Digital Literacy

Guide: Recording Stereo Mix in Windows 7

Quick guide to enabling ‘stereo mix’ for recording using Windows 7.

Quick guide to enabling ‘stereo mix’ for recording using Windows 7.

  • Ensure that you have the correct sound card driver installed and not Windows Default Audio driver. [See below for how to check]
  • Open the recording devices settings by right clicking the speaker icon in the system tray (near the clock, see figure below) and selecting Recording devices. *

Selecting 'recording devices' from the right click context menu of the speaker icon in the system tray

  • Ensure you have the Recording tab selected in the window that appears (see figure below).

Recording tab of the sounds control panel option box

  • Right click somewhere in the white space of the box, and check both Show Disabled Devices and Show Disconnected Devices.
  • Stereo Mix will now appear as an option (if it does not, you need to install the correct sound card driver).

* If you don’t see the speaker icon, you can also go to Sounds in the Control Panel in the Windows Start Menu.

Ensuring you have the correct sound driver

If you use the default Windows sound driver, it is likely that ‘Stereo Mix’ will not appear. You should download the drivers specific to your sound card.

  • Identify what driver is currently being used*: Click the speaker icon near the clock, then click the Mixer link to display the full mixer (see figure below).

Clicking the speaker icon, then mixer link shows the full audio mixer

  • The name of the driver/device will be shown in brackets next to the title for the mixer, e.g. High Definition Audio Device (for the Windows 7 default driver) or the brand name of the sound card (in my example above this is VIA, but could be Asus, Creative, Trust, etc).
  • If you have the default Windows driver, you should find out what the exact sound card is in your computer and download the specific drivers for it.

* A more techincal way is to go into the Control Panel, in the ‘hardware and sound’ category, select Device Manager and locate the sound card in the list of devices.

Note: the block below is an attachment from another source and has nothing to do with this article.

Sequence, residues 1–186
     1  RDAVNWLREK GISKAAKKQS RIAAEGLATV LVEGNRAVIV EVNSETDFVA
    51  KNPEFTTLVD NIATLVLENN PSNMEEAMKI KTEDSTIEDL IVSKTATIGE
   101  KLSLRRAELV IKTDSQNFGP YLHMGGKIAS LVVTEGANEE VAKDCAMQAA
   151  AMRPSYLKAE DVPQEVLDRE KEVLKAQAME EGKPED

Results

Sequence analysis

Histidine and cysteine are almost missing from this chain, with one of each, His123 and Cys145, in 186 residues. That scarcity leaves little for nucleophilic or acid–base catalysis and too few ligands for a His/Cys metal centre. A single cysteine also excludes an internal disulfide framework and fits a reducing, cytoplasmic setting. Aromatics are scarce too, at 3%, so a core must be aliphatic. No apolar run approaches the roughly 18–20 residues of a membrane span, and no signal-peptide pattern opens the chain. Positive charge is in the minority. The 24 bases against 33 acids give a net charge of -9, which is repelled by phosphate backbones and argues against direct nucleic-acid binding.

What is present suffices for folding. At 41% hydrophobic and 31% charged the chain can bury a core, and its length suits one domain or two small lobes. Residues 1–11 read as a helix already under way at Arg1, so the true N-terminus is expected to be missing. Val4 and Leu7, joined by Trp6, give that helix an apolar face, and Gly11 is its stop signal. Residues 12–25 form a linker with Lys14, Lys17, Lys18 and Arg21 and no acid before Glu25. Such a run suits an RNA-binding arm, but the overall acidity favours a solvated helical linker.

Using Astra32 to identify your sound card

  • Download and install Astra32 and run it as Administrator (right click and select ‘Run as Administrator).
  • If, like me, your sound card is part of your motherboard* (aka mainboard), you should identify the manufacturer and model number of the main board and then visit that manufacturer’s website to download the sound card driver. The figure below indicates how Astra32 details this:

ASTRA32 screenshot with motherboard details highlighted

  • Alternatively, within Astra32 select PCI/AGP Devices from the left menu and locate the device with a speaker icon. This will be your sound card, which you should then find the manufacturer’s website for downloading the exact driver (ie Google it):

ASTRA32 screenshot highlighting the sound card

* Nearly all laptops/all-in-one units have the soundcard on the motherboard. For desktops: You can tell whether your sound card is part of the motherboard by looking at the back of the computer. If the speaker socket is in the same cluster of connections as your mouse/keyboard/USB/printer/network ports it is likely to be on the motherboard. If the speaker socket is separated and features on a horizontal panel, it is a separate sound card.

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